The King Of Love
April 16, 2014 Length: 14:44
Fr. Gregory Hallam gives the Palm Sunday sermon.
People had gathered in Jerusalem for the Passover and were looking for Jesus, both because of His great works and teaching and because they had heard of the miracle of the resurrection of Lazarus. When they heard that Christ was entering the city, they went out to meet Him with palm branches, laying their garments on the ground before Him, and shouting, “Hosanna! Blessed is he that comes in the Name of the Lord, the King of Israel!”
At the outset of His public ministry Jesus proclaimed the kingdom of God and announced that the powers of the age to come were already active in the present age (Luke 7:18-22). His words and mighty works were performed “to produce repentance as the response to His call, a call to an inward change of mind and heart which would result in concrete changes in one’s life, a call to follow Him and accept His messianic destiny. The triumphant entry of Jesus into Jerusalem is a messianic event, through which His divine authority was declared.
Palm Sunday summons us to behold our king: the Word of God made flesh. We are called to behold Him not simply as the One who came to us once riding on a colt, but as the One who is always present in His Church, coming ceaselessly to us in power and glory at every Eucharist, in every prayer and sacrament, and in every act of love, kindness and mercy. He comes to free us from all our fears and insecurities, “to take solemn possession of our soul, and to be enthroned in our heart,” as someone has said. He comes not only to deliver us from our deaths by His death and Resurrection, but also to make us capable of attaining the most perfect fellowship or union with Him. He is the King, who liberates us from the darkness of sin and the bondage of death. Palm Sunday summons us to behold our King: the vanquisher of death and the giver of life.
Palm Sunday summons us to accept both the rule and the kingdom of God as the goal and content of our Christian life. We draw our identity from Christ and His kingdom. The kingdom is Christ - His indescribable power, boundless mercy and incomprehensible abundance given freely to man. The kingdom does not lie at some point or place in the distant future. In the words of the Scripture, the kingdom of God is not only at hand (Matthew 3:2; 4:17), it is within us (Luke 17:21). The kingdom is a present reality as well as a future realization (Matthew 6:10). Theophan the Recluse wrote the following words about the inward rule of Christ the King:
“The Kingdom of God is within us when God reigns in us, when the soul in its depths confesses God as its Master, and is obedient to Him in all its powers. Then God acts within it as master ‘both to will and to do of his good pleasure’ (Philippians 2:13). This reign begins as soon as we resolve to serve God in our Lord Jesus Christ, by the grace of the Holy Spirit. Then the Christian hands over to God his consciousness and freedom, which comprises the essential substance of our human life, and God accepts the sacrifice; and in this way the alliance of man with God and God with man is achieved, and the covenant with God, which was severed by the Fall and continues to be severed by our willful sins, is re-established.”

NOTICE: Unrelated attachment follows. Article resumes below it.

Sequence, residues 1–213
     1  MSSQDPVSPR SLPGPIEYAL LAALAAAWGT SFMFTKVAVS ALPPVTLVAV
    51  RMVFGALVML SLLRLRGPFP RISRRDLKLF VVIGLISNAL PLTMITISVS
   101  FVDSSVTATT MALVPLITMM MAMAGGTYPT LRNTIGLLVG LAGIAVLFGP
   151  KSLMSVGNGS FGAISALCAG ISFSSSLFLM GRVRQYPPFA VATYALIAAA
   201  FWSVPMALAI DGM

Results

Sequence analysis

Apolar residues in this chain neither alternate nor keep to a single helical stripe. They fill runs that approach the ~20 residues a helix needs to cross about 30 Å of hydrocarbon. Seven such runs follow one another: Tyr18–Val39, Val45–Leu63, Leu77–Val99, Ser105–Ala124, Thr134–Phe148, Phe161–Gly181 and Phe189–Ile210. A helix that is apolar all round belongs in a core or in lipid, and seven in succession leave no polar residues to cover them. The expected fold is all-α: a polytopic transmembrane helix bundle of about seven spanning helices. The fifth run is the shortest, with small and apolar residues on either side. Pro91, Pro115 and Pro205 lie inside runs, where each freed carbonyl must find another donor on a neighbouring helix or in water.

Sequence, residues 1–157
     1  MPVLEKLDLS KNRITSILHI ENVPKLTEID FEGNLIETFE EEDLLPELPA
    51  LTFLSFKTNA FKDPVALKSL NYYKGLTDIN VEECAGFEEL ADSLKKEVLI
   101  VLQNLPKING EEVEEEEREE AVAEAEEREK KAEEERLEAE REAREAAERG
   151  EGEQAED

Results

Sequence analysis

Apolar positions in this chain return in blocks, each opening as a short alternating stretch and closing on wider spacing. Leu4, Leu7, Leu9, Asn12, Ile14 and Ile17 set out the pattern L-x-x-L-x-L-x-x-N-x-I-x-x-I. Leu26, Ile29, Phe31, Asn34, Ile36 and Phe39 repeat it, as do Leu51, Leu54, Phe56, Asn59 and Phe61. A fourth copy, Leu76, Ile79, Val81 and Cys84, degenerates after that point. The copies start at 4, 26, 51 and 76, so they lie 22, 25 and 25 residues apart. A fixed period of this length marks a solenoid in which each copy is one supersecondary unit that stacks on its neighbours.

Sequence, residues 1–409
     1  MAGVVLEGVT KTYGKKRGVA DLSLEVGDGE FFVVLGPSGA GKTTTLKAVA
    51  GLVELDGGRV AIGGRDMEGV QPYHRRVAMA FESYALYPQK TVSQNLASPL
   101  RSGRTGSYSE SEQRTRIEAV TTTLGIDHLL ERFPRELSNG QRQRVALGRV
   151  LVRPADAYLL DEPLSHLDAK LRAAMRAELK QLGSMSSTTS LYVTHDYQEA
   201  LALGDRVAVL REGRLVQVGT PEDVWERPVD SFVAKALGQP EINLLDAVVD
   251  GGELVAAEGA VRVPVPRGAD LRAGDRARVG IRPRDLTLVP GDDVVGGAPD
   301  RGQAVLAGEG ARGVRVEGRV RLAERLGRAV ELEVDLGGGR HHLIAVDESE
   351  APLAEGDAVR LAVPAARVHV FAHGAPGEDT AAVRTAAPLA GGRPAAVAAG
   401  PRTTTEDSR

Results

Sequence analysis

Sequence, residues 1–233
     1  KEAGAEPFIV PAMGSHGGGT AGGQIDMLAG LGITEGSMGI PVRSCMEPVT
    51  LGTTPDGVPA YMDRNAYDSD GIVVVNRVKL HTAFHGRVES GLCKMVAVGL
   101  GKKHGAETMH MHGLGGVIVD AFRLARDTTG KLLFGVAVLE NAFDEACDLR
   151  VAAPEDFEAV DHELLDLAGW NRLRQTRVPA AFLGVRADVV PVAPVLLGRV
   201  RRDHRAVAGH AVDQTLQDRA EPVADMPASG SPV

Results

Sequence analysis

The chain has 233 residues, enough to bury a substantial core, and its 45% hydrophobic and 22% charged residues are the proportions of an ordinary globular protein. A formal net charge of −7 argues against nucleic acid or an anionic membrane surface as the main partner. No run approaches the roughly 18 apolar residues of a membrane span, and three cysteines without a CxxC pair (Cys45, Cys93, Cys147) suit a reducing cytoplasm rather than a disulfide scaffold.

The kingdom of God is the life of the Holy Trinity in the world. It is the kingdom of holiness, goodness, truth, beauty, love, peace and joy. These qualities are not works of the human spirit. They proceed from the life of God and reveal God. Christ Himself is the kingdom. He is the God-Man, Who brought God down to earth (John 1:1,14). “He was in the world, and the world was made through Him, yet the world knew Him not. He came to His own home, and His own people received Him not” (John 1:10-11). He was reviled and hated.
Palm Sunday summons us to behold our king - the Suffering Servant. We cannot understand Jesus’ kingship apart from the Passion. Filled with infinite love for the Father and the Holy Spirit, and for creation, in His inexpressible humility Jesus accepted the infinite abasement of the Cross. He bore our griefs and carried our sorrows; He was wounded for our transgressions and made Himself an offering for sin (Isaiah 53). His glorification, which was accomplished by the resurrection and the ascension, was achieved through the Cross.
In the fleeting moments of exuberance that marked Jesus’ triumphal entry into Jerusalem, the world received its King, the king who was on His way to death. His Passion, however, was no morbid desire for martyrdom. Jesus’ purpose was to accomplish the mission for which the Father sent Him.
“The Son and Word of the Father, like Him without beginning and eternal, has come today to the city of Jerusalem, seated on a dumb beast, on a foal. From fear the cherubim dare not gaze upon Him; yet the children honor Him with palms and branches, and mystically they sing a hymn of praise: ‘Hosanna in the highest, Hosanna to the Son of David, who has come to save from error all mankind.’” (A hymn of the Light.)
“With our souls cleansed and in spirit carrying branches, with faith let us sing Christ’s praises like the children, crying with a loud voice to the Master: Blessed art Thou, O Savior, who hast come into the world to save Adam from the ancient curse; and in Thy love for mankind Thou hast been pleased to become spiritually the new Adam. O Word, who hast ordered all things for our good, glory to Thee.” (A Sessional hymn of the Orthros)